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Chapter 8: the String

Here’s one way to make a single loop flemish twist string, there are better ways out there but this one’s simple and will get you going. Buying a roll of string material from most archery suppliers is typically cheaper than the cost of buying a finished string—and will last for many strings.

I’m making a 12 strand string out of B-50 Dacron. There are better stronger string materials out there, I just like Dacron for the convenience, it makes for a nice string thickness without needing any extra padding. Whatever string material you use, make sure you have a total breaking strength around ten times the draw weight of the bow.

To start off, set two nails 100 inches apart. The board I have isn’t long enough, so I’m using a third nail. This will yield an oversized string that you can use as a tillering string and later cut down to use as your final string. Since we’ll be using an adjustable timber hitch, it’s not critical to get the length of the string exactly right.

Wind the string around the nails 6 times for 12 total strands.

Cut the strands free and separate the bundles. Don’t let them tangle.

Winding into bundles helps avoid tangles.

Next, trim the ends of the bundles so they all end at a slightly different length. This way when the string tapers out you won’t get a sudden bulge from all the tag ends coming out of the same spot.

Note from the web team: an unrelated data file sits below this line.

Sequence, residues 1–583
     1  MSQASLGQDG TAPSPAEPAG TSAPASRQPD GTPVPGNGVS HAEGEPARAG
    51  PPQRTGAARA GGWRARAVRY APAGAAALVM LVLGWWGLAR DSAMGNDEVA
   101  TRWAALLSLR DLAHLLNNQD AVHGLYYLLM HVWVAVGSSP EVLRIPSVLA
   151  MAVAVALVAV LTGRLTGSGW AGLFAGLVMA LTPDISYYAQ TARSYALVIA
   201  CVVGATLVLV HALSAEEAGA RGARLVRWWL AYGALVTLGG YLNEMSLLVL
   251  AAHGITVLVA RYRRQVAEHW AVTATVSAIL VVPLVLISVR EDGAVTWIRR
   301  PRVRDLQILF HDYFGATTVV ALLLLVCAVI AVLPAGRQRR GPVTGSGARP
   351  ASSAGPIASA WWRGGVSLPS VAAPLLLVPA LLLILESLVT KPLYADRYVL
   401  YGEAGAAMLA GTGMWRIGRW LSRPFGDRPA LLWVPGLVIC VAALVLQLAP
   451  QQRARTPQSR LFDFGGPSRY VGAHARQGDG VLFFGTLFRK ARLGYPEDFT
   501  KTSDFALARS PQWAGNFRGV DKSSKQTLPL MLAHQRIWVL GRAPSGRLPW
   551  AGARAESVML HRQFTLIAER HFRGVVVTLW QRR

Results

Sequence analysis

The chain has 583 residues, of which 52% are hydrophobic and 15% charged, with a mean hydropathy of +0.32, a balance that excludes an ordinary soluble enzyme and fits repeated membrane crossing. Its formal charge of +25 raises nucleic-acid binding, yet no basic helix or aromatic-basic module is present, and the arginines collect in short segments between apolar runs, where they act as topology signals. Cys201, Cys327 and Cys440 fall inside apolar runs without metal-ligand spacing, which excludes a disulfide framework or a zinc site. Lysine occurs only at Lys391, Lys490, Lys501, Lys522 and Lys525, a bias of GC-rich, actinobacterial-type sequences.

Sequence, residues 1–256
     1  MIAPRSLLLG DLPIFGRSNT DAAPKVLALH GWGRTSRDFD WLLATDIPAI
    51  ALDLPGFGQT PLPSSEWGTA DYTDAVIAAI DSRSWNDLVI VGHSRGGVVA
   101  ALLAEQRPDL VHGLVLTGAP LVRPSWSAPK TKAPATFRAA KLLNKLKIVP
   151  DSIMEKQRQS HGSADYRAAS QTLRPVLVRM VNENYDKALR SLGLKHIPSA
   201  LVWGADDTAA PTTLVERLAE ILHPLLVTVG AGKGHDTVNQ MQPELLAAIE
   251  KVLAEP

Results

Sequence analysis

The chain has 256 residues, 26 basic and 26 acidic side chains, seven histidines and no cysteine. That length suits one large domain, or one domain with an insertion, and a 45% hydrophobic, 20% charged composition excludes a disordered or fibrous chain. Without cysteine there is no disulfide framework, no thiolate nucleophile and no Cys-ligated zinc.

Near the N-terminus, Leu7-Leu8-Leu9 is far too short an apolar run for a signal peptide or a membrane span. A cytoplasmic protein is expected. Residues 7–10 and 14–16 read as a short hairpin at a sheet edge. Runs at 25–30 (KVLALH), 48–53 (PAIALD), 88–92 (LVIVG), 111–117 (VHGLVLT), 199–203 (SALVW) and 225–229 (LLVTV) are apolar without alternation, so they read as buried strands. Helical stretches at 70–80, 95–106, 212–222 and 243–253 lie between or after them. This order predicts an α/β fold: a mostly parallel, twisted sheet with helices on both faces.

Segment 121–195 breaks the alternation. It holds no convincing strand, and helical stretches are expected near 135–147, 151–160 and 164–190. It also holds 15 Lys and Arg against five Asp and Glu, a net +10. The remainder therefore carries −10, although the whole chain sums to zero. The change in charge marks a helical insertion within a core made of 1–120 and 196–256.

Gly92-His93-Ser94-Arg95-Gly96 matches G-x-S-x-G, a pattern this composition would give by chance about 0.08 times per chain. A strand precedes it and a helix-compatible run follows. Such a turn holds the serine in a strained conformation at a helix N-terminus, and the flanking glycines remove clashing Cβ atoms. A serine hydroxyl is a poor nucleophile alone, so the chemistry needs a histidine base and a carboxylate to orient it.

Wax the ends of the bundles with beeswax or bowstring wax.

 Now we’re ready to start reverse twisting the string. If you’ve never made cordage before, the basic idea is to twist each individual bundle in one direction, and then countertwist the two bundles in the opposite direction.

Start 8 to 10 inches from the ends of the bundles, and keep reverse twisting until you have enough cordage to fold back on itself and make a loop.

Once you’re happy with the size of the loop, fold the bundles over, fuse the bundles with wax, and then continue with the reverse twisting.

Make sure you keep the twist as tight as you can manage while the bundles are still fusing together. Once you get past the first foot or so, after you’re past all the loose ends, then you don’t have to tighten quite as much.   

With pristine modern string materials you don’t actually have to tightly twist all the way down the length of the string. If anything, over twisting can make the string stretchy, so for the center portion of the string I’m doing a much looser reverse twist. Once I get close to the end, then I go back to making the twist much tighter. 

Keep twisting all the way to the end of the string. For now the string will be too long, but that’s ideal since we’ll use it as a tillering string. Later on you can cut the string shorter to use as your final string, or make another permanent string.